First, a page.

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Haakon Board of Education freezes wages, accepts two resignations

The Haakon School District 27-1 Board of Education had three main topics of business on its agenda during its April 19 meeting.

The negotiated contracts from certified instructors have been returned and accepted for next school year. The wages, including any steps upward because of longevity, have been frozen to what they were this current school year. The only concession is that an additional $300 per certified employee has been added to the fringe benefit package. Health and dental insurance and supplemental retirement plans will now reach a total of $5,000 as the entire benefit package.

Contracts for non-teaching staff members have been frozen for the 2010-2011 school year, based on this year's salaries and benefits. This included the certified and classified staff contracts. Administrative contracts for next school year have also been frozen to what they are this year.

The board has accepted "with deep regret" the resignations of two of its teaching staff. High school science instructor Michael Baer wrote in his letter of resignation that his reason was "in order to pursue better financial opportunities for my family." The letter continued, "I have grown fond of the town of Philip, the administration, staff and students at Philip High Shool. I have become comfortable in my role in the community and have enjoyed my stay here."

Erin Baer's resignation letter began, "It is with a heavy heart that I ask the board to accept this letter of resignation. I want to be sure that the school board, staff, students and community know how Philip has truly become home the past few years. I have enjoyed working in the school district and will hold a special place in my heart for those we are leaving." The Baer's have accepted positions in Glenrock, WY.

In other business, Business Manager Britni Ross requested board approval to follow through with a specific online audit. It is a new financial reporting provision that compares active employees versus retirees who have the option of remaining on the district's health insurance policy. Ross said that some districts do not offer the option of former employees remaining on the district's insurance plan once the employees retire. The Haakon district has only roughly 65 employees who are even eligible to be on the district's policy, and roughly only 15 are actually on it.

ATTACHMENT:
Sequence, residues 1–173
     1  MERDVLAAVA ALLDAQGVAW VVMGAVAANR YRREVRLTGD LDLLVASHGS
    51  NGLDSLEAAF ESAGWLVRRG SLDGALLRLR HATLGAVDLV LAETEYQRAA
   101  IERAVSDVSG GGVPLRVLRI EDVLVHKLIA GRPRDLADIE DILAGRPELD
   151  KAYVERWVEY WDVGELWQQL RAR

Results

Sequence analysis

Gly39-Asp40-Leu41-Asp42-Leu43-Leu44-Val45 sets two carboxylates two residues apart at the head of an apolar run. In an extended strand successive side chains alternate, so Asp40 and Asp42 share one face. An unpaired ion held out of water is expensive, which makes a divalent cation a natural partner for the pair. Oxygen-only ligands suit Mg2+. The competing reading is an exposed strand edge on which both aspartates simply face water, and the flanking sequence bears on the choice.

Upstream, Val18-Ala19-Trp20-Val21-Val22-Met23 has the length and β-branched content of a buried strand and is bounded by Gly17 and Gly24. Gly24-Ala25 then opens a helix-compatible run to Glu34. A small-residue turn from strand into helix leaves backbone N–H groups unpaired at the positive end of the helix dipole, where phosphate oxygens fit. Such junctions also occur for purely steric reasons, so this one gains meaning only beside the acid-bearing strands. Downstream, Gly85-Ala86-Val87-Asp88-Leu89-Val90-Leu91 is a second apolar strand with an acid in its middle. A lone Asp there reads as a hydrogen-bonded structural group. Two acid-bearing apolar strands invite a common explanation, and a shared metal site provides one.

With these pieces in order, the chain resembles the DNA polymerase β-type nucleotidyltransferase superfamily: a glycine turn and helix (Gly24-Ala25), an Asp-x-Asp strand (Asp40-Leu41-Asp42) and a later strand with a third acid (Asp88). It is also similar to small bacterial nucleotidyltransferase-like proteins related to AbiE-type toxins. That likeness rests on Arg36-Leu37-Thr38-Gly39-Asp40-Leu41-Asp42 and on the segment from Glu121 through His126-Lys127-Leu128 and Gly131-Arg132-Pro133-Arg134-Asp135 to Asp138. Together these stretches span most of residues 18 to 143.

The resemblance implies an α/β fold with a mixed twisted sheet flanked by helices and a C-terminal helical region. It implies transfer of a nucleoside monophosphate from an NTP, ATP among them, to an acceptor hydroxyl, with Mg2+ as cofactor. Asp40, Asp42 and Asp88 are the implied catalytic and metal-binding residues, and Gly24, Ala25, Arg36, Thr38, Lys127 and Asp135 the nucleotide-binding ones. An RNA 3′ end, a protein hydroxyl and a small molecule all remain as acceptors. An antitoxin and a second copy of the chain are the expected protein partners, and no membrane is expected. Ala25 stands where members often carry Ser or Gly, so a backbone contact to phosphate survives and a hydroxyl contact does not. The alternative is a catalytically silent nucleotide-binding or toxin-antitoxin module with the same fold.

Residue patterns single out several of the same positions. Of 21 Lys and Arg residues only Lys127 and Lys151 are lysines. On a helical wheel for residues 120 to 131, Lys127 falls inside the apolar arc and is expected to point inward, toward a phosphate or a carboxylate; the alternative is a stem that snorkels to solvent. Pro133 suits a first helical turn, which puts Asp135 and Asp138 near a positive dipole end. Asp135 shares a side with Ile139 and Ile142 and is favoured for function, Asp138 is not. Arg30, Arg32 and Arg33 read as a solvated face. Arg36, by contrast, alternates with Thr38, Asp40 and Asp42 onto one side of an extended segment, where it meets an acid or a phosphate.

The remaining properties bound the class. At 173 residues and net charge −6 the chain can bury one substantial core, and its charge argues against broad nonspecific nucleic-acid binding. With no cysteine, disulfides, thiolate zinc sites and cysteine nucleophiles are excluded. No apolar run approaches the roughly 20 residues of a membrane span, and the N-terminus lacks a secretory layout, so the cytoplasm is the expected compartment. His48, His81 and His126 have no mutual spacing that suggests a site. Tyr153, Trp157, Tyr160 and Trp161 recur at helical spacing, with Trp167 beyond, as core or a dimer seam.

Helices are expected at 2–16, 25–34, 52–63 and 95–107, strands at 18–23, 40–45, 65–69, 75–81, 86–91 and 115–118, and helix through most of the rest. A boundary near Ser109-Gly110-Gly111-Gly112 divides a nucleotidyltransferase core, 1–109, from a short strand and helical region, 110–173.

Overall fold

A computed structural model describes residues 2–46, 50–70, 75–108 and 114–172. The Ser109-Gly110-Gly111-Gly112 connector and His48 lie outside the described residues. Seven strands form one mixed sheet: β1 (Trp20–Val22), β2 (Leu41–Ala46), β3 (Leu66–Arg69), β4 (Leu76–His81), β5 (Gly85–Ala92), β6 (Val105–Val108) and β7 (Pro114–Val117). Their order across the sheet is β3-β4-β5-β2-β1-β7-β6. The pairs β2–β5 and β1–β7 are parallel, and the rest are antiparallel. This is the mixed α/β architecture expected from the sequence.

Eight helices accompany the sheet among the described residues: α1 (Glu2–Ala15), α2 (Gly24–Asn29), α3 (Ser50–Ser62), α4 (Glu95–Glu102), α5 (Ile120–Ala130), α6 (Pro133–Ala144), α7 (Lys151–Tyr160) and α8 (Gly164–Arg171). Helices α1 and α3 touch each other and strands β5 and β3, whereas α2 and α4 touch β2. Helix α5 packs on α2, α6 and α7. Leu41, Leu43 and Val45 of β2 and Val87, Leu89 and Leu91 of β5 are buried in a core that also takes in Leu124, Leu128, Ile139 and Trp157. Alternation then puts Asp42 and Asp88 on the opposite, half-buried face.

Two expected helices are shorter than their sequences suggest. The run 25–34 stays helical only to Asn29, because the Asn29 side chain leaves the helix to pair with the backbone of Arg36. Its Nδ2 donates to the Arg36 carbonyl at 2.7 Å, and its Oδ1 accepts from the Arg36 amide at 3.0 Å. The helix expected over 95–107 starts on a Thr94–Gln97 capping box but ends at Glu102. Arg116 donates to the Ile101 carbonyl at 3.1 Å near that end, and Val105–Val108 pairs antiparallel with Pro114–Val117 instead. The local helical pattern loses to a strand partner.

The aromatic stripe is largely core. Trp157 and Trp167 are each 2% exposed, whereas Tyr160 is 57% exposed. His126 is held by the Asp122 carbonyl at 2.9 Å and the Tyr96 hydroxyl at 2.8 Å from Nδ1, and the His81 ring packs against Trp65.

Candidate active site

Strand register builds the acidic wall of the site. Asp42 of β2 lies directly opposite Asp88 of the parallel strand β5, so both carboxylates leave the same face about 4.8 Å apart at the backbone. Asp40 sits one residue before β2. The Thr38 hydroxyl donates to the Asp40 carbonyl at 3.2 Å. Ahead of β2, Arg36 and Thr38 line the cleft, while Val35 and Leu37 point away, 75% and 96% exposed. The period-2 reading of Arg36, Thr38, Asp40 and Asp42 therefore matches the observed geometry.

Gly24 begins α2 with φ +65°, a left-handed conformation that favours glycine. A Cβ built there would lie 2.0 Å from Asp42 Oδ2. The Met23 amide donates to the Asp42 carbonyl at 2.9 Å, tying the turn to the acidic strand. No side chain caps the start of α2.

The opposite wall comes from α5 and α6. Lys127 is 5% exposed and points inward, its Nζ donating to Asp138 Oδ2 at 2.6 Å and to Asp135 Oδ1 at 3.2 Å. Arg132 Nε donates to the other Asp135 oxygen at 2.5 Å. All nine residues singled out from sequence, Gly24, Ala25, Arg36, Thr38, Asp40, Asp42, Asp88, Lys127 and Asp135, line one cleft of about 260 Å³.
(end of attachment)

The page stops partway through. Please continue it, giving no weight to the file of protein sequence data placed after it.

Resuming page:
Though the GASB 45 audit may have no negligible affect on any bookkeeping, if the required audit is not done, the district's financial status will be considered poor and any future loans, funding or grant applications will be almost non-existant. The cost of the audit is estimated to be around $2,000, but could be end up being far more. "Unfunded mandates, I have a problem with that," said board member Vonda Hamill. The board unanimously voted for the audit to be done.

Ross then gave a financial presentation of the general audit. The unrestricted net assets of the school district over the last few years are still favorable, "but the bar charts are going in the wrong direction," said Ross. The ability of the district to fund emergencies or unexpected needs is diminishing yearly. Ross warned, "The condition of the capital assets is the biggest concern. The higher the percentage, currently around 65 percent, the higher the need to have to replace buildings and equipment within the next 10 years. How heavily do we rely on things we don't control? We are pretty dependent, but that is the same for most districts. "It looks good for what we have, but people don't realize that is all we have."

The board approved continued membership with the South Dakota High School Activities Association.

The two seats that remain open on the board of education will be filled through appointments during the June meeting. Anyone interested in filling one of these position is requested to contact Ross or Superintendent Keven Morehart before the May meeting.

Jeff Rieckman's secondary principal's report began with a praise for Pamela DeJong in how well the school's STEP testing went. The last grade check of the school year has been completed. Scottie Fest will be this Thursday, April 22. The school play Sleeping Beauty and the Beast will be presented May 7 and May 9. Graduation will be May 16.

Morehart's superintendent's report stated that the region spelling bee will be in Philip this year on May 5. Elementary classes will be dismissed early that day. Field trips for the elementary classes are being planned. The elementary track and field day is set for May 6. Eighth grade graduation is set for May 18 and the kindergarten promotion will be on May 19.

The next scheduled meeting for the board of education will be at 7:00 p.m. Monday, May 17.